I contact the distributer of Euphonix in France, he said that Euphonix belongs now to Avid, himself, he doesn't know who can fix Euphonix problems, and he said that is trying to contact the wew owner of Euphonix but nobody can explain to him how.

I phoned to Euphonix USA, one lady sent me to a gentlman and this gentlman sent me to another gentlman and so on, nobody could advise me how to do.

I contact the reseller, he said that I must contact directly Euphonix, after 30 days, he don't take charge of the product anymore.

As you have a good relation with Euphonix, and you have a great notority, please help me in asking Euphonix (Avid ?) what I have to do.
Thank you very much
MC Color review - OLED displays
by Christopher Adams
I for one would have preferred by default that the positions of the text on the oled's were reversed top to bottom. It took me a min. to figure out that the top text was the trackerballs/wheels and the bottom was the knobs. That doesn't seem intuitive to me and wondered if they should have been swapped so that The knobs settings were on top and the trackerballs/wheel info was on the bottom of the oled display.
I just think that that makes more sense.
by walter biscardi
Not sure what to discuss quite honestly. The panel is no longer here, it was returned to Euphonix so there's nothing I can further test on this end.

When we connected it, it did not work with the default settings. So we tried two IP address with manual setups that I thought would work but they didn't.

So I pulled out the IP Address and settings for the Cooper Eclipse panel and the MC Color was recognized and started working. We have in the neighborhood of 20 IP addresses or so in play with our network and the Final Share SAN. All devices with Ethernet connectivity have to be set up manually in order to properly operate with our network.

You have to keep in mind here that Ethernet connectivity is just one aspect of this review. There are multiple reasons why I would recommend either of the other two panels ahead of the MC Color and I mention these in the review.
I would like to discuss with
by John Haydon
I would like to discuss with you, offline,the IP configurations that "did not work," as I would like to get to the bottom of your particular issue. For most users, default DHCP addressing will allow them to connect the Artist Series to a switch or router on their network and in minutes be up and running. This allows for multiple workstations and control surfaces on a network connected as the user would like.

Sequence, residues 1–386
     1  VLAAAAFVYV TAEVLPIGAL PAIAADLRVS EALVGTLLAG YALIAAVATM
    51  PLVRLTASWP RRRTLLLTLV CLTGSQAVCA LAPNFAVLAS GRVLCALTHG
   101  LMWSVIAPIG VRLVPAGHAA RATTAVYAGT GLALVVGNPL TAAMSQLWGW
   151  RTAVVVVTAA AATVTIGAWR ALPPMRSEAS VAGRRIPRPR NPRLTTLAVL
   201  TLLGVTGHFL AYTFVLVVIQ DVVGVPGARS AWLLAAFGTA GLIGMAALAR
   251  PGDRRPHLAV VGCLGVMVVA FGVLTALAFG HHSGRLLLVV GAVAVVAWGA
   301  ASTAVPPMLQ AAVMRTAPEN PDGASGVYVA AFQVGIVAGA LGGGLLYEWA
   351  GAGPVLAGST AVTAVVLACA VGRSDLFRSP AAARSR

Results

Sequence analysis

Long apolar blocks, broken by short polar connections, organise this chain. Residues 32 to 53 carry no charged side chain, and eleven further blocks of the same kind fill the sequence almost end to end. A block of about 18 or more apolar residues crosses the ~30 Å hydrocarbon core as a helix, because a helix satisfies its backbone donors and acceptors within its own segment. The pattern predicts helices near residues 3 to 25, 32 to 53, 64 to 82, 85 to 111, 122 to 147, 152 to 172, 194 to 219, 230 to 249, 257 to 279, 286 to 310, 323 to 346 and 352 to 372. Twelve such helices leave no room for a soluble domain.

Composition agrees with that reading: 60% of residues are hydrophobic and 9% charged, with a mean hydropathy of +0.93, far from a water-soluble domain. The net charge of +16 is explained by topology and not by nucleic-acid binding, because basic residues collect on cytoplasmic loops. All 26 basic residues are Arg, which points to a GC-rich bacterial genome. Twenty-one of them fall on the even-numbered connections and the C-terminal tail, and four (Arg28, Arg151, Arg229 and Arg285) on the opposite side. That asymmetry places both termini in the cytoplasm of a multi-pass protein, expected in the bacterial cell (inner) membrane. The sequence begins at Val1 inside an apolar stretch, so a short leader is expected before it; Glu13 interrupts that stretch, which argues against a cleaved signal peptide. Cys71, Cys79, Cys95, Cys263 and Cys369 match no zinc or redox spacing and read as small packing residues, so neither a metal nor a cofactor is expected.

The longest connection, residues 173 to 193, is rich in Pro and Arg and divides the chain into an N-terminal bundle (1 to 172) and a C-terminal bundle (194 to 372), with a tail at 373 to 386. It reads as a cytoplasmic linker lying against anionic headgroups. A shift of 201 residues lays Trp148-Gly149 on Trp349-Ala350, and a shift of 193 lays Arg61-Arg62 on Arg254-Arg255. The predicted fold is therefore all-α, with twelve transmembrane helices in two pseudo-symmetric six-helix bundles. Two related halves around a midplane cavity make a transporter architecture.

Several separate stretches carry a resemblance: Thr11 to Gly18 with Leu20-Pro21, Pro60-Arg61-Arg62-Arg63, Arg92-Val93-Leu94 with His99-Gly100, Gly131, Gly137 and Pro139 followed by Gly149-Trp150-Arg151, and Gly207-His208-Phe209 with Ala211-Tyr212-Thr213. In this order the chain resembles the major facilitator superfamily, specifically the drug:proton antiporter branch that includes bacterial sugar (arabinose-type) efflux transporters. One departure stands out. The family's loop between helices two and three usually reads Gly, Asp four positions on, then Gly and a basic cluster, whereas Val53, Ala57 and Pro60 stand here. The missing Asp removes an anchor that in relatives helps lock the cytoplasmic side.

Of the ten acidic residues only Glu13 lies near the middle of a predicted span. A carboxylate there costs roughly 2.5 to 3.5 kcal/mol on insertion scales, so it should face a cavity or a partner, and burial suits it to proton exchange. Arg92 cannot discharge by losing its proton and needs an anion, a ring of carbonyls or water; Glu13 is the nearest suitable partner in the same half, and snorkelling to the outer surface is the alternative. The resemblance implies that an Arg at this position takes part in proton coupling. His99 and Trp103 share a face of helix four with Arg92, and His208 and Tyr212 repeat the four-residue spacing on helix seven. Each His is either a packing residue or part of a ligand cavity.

I understand that you have a more complex configuration, but please recognize that there are thousands of people using EuCon in home studios and professional facilities. Most setup issues are solved in a matter of minutes, and do not require advanced knowledge of network configuration.

Thank you very much for taking the time to review MC Color. I look forward to your email.
Plug and Play
by walter biscardi
This did not work in our setup. We tried two IP addresses at first and the MC Color did not work.

Then I entered in the IP address we use for the Eclipse and then it worked. So if you're supposed to be plug and play right off the bat, that did not work at all.

If you're talking "plug and play" after entering the IP address for the first time, the Eclipse and Wave both do this as well. We can connect to any of our 4 current systems and the panels will work on any of them after the first setup.
Bonjour plug and play
by John Haydon
Hi Walter,

Thanks for your answer. The major difference I would like to point out is that the Artist Series uses Bonjour plug and play ethernet, which is a newer interface than those used by previous ethernet products. We also use a <10 mbps bandwidth to send and receive EuCon messages. So theoretically, switching machines could be as easy as plugging it into a switch in a new room and assigning it to the my surfaces list of a new machine.

I understand that USB is better for your specific configuration, but it is important to note that difficulty of installation has been implied by experience with another product, not directly by use of the Euphonix Artist Series.

Network installation
by walter biscardi

In my article:

Now in our original testing with the JL Cooper (which also connects via ethernet) we introduced some playback and stability issues in our SAN due to IP conflicts. So if you run a network, be sure you know all your IP addresses and put the controls surface on another port to avoid network stability issues.

I think it's pretty clear in my writing where I had those issues. During the initial installation of the JL Cooper and the issue was caused by IP Conflicts. It should also be noted that the JL Cooper Eclipse was not the problem, IP conflict was the problem.